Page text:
Two genetic risk variants that are carried by nearly 40% of Black individuals may exacerbate the severity of both sepsis and COVID-19, a team of researchers from the Perelman School of Medicine find. The findings, published in Immunity, identify two potential pathways to reduce the health disparities driven by these gene mutations.
“Our findings indicate that the APOL1 risk variants could explain an important racial disparity observed in sepsis incidence and severity among Black individuals,” says the study’s lead author, Katalin Susztak, a professor of renal-electrolyte and hypertension. “Furthermore, our work implies that the identification of subjects with the high-risk APOL1 genotype might be important for disease risk prediction and early intervention.”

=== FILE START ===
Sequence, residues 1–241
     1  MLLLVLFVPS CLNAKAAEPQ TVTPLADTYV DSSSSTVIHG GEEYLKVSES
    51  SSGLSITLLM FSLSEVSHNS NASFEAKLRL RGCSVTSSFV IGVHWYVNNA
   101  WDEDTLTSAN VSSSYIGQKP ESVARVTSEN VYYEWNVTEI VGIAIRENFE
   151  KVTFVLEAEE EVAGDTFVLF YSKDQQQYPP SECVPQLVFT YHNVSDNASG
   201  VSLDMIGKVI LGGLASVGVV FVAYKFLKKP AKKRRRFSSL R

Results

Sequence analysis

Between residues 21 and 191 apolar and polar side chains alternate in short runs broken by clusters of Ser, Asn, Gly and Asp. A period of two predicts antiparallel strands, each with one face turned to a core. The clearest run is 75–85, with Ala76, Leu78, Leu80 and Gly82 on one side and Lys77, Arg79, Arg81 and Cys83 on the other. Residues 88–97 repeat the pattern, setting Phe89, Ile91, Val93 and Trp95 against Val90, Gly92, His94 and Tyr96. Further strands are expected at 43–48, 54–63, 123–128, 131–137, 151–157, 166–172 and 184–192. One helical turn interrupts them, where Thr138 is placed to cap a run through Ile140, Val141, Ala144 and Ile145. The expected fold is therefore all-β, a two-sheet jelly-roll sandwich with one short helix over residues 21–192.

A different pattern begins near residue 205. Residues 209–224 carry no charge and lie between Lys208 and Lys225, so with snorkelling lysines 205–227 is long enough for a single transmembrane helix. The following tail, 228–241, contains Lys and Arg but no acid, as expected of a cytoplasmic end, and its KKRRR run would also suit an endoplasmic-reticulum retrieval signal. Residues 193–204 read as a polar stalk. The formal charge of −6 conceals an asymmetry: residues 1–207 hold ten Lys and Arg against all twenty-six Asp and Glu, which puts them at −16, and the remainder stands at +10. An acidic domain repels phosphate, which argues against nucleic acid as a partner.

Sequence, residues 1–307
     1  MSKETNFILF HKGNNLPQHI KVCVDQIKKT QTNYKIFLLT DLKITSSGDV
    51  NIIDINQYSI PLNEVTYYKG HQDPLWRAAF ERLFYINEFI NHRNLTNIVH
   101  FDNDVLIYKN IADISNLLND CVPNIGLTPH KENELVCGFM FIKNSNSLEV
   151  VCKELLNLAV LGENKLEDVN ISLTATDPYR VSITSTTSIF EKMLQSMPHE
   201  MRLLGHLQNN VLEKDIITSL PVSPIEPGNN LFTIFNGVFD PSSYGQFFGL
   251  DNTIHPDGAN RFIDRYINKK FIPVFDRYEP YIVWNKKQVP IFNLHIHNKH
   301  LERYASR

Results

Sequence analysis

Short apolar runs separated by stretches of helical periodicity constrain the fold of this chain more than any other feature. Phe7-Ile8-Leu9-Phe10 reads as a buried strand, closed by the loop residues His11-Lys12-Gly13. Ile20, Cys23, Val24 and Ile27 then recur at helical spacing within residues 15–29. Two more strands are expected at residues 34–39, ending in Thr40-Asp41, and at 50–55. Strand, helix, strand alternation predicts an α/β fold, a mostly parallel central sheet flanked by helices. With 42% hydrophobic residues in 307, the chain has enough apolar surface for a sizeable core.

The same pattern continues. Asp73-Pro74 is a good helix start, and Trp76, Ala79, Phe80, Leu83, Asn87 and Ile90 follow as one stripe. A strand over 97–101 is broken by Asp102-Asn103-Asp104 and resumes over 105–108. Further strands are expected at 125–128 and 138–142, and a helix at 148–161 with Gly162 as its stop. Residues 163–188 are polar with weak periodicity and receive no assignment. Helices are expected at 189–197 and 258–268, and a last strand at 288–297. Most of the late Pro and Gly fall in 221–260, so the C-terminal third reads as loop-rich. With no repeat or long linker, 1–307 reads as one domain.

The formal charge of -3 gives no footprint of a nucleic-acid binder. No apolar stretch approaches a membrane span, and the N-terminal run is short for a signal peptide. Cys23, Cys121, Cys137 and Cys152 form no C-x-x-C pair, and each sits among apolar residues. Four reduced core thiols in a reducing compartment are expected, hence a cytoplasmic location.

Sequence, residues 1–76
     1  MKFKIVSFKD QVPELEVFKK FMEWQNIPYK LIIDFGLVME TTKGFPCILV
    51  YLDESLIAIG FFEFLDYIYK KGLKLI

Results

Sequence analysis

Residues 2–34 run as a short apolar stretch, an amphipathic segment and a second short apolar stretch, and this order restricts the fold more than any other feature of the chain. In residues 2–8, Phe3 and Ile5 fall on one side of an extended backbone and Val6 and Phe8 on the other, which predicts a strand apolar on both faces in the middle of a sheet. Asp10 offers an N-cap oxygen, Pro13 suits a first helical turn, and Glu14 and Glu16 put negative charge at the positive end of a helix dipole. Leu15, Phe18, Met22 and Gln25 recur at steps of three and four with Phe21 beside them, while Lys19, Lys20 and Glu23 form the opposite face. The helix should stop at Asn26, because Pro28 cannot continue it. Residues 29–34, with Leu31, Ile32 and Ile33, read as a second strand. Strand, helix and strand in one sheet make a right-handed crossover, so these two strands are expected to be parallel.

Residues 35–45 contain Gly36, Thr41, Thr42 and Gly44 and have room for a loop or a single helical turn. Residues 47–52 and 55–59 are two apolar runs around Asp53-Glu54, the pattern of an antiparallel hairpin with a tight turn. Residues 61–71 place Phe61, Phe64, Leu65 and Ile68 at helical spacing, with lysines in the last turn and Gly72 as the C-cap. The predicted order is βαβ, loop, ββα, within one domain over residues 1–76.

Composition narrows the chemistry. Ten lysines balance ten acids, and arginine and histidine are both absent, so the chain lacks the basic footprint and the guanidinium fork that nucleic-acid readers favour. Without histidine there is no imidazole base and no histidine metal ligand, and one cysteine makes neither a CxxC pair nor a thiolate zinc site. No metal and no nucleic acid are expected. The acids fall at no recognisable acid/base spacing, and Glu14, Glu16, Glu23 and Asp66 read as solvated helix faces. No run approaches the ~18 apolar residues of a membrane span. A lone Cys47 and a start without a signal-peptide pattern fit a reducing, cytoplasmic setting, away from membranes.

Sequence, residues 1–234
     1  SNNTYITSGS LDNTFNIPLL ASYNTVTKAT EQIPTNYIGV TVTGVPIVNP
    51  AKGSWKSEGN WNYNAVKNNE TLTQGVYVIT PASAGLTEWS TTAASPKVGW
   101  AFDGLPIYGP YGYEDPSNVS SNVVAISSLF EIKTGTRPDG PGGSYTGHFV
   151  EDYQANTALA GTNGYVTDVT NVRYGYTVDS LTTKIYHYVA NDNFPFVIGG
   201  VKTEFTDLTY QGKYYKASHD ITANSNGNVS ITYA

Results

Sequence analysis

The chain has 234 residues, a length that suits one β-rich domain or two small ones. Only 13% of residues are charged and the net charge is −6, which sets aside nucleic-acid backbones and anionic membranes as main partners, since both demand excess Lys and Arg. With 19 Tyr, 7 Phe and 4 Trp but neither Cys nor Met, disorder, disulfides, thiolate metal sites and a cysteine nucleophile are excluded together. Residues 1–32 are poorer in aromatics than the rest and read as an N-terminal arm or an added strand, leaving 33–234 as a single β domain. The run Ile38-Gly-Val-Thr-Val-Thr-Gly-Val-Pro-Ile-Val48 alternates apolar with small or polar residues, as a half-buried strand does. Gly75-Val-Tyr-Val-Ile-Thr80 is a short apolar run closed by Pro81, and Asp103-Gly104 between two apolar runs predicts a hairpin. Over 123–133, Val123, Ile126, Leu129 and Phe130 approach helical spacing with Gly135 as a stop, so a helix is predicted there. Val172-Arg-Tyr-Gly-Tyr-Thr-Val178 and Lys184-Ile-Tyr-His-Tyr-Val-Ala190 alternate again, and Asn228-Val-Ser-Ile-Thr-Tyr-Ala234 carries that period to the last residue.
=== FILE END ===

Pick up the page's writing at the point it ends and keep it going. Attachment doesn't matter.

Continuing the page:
Each year, at least 1.7 million adults in the United States develop a sepsis infection, resulting in nearly 270,000 deaths. In the U.S., patients of African ancestry have a 67% higher severe sepsis hospitalization rate and 20% increased likelihood of dying from the condition compared to white individuals, even after adjusting for co-variates. Similarly, COVID-19 disproportionately affects African Americans, with higher infection rates and more severe disease.
Two variants of the gene APOL1—G1 and G2—are found almost exclusively in people of West African descent. Carrying one gene variant imparts resistance against African sleeping sickness, while having two gene variants significantly increases the risk of developing chronic kidney disease, as well as HIV and COVID- induced glomerular disease, which has been recently studied by the Susztak lab.
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